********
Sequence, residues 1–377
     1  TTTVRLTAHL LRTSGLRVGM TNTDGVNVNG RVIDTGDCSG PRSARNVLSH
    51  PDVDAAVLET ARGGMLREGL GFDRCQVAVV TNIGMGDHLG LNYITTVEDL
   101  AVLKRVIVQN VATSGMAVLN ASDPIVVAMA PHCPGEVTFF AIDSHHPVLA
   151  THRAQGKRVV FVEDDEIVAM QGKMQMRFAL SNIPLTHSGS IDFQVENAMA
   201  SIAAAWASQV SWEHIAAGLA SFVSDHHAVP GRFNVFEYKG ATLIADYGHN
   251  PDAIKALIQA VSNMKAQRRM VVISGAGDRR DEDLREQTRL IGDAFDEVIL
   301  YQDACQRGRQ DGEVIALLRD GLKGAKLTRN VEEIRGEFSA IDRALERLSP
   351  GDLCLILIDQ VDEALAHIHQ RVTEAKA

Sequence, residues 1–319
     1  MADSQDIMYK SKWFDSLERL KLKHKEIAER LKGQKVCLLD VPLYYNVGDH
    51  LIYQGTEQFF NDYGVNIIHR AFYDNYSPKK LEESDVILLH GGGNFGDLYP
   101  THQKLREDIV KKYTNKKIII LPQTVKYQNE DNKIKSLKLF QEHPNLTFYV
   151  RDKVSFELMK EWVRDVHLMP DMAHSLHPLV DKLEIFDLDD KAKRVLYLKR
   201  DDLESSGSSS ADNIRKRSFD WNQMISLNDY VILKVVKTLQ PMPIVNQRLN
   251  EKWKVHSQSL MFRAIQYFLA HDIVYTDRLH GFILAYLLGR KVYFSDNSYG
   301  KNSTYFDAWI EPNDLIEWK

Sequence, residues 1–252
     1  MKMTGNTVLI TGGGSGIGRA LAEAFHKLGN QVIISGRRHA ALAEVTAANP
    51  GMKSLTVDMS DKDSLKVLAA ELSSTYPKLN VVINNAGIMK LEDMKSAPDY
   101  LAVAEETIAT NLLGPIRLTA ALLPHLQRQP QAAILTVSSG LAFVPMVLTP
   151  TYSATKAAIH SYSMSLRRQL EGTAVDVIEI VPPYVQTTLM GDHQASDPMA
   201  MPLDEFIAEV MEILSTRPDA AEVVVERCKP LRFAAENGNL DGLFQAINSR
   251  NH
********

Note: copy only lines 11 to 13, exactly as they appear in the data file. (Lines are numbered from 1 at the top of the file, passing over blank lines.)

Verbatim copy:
     1  MADSQDIMYK SKWFDSLERL KLKHKEIAER LKGQKVCLLD VPLYYNVGDH
    51  LIYQGTEQFF NDYGVNIIHR AFYDNYSPKK LEESDVILLH GGGNFGDLYP
   101  THQKLREDIV KKYTNKKIII LPQTVKYQNE DNKIKSLKLF QEHPNLTFYV